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Wildlife watch, strange behaviour in our wildlife.

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posted on Jan, 11 2010 @ 02:24 PM
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Our government and militaries worldwide are using a wider array of radars, sonars and other devices that mess around with the electro-magnetic spectrum. Add to that the absolute ubiquitousness of cell phone towers and I think we've created an environment that is making navigation difficult for many animals. Things like HAARP may also play a role in this, who knows?
They roll out new technologies and saturate the planet before they even bother to test what the effects may be on animal life (inlcuding human).
It has long been my contention that our technology is advancing at a faster rate than our ethics or morality. This is a recipe for disaster and a legacy that will leave our world much the poorer.




posted on Jan, 11 2010 @ 02:59 PM
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reply to post by captiva
 


Maybe not exactly what you had in mind, but here's a related YouTube I came across some time back...who doesn't love a good video?

www.youtube.com...



posted on Jan, 12 2010 @ 12:35 AM
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My dogs have been going absolutely bananas for about 3 days.

I have not noticed any shift in bird activity in my area of New Mexico.



posted on Jan, 12 2010 @ 03:59 AM
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For anyone following my saga with my missing feeder birds, they are back !

They look fine, are eating from the feeders and boy are they eating.

That was nearly 3 days since I saw a bird of any kind in my garden or street.

Respects



posted on Jan, 12 2010 @ 07:45 AM
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That's great to hear Captiva!

I read your other thread yesterday where you mentioned the dead cat. It may have been the presence of the cat or several cats that had cused the birds to seek food elsewhere.



posted on Jan, 12 2010 @ 08:53 AM
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As for those who have noticed that the birds are no longer coming to their feeders; I has a similar event some years ago. For several days my usual "customers" didn't show up. The answer came some few days later after talking to a neighbor - they decided to put up a feeder of their own. Obviously they were putting out something that the birds preffered to what I was feeding them. Don't worry too much about nature in this way; animals have an amazing capacity for regeneration and survival. If any species is going to go extinct it will be us humans.



posted on Jan, 26 2010 @ 02:14 PM
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An update on all of this, at least in my neck of the woods...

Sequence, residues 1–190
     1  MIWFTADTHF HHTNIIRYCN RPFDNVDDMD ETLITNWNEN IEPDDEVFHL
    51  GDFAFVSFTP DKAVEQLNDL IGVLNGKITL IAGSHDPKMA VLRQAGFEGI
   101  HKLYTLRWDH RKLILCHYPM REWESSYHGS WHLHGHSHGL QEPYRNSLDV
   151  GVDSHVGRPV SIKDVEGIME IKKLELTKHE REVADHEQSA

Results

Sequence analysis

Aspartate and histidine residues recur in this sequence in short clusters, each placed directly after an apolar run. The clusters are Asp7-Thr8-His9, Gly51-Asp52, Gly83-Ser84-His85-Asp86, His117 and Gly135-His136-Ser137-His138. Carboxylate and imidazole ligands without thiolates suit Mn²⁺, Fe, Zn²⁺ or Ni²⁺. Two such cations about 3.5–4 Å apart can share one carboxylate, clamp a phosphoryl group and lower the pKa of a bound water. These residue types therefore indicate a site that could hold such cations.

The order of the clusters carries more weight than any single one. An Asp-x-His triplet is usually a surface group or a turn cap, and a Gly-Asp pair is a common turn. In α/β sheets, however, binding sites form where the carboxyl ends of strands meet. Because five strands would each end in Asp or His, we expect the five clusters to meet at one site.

In an earlier post, I mentioned how none of the feeder birds in Oregon migrated south this winter, even though it has been the coldest winter we have had on record.

Well, apparently the Pelicans didn't migrate to California either. Matter of fact, not only did the Oregonian Pelicans stay in Oregon, but those already in California migrated NORTH to Oregon for the winter!

It is believed that they did so for the same reason the Californian Sea Lions left San Francisco to migrate north to Oregon. The bumper crop of sardines convinced the Pelicans to stay (and Pelicans in California to migrate North to Oregon for the winter). However, now they are facing mass death as the sardines and other fish have migrated to deeper, warmer waters far from the coastline.

Starving California pelicans wash up on Southern Oregon shore




California brown pelicans stranded along the Oregon coast are starving by the hundreds and begging for food instead of migrating south in a rare and somewhat macabre phenomenon.

Dead birds in full mating plumage have washed onto shore, and the normally skittish pelicans have been begging for food from people in places such as the Brookings area, now home to several hundred pelicans, according to the U.S. Fish and Wildlife Service.

"That's a behavior we've never seen before in Oregon," says Roy Lowe, manager of the Oregon Coast National Wildlife Refuge Complex based in Newport. "They're in sad shape."

Typically, the birds migrate south in November toward breeding grounds in Southern California, and no one knows why these birds have stayed, Lowe says.

One theory is that high concentrations of bait fish off the Oregon coast enticed them to remain well into December, Lowe says. When currents pushed the bait fish toward deeper water, it left the pelicans foodless and too weak to forage themselves, he says.



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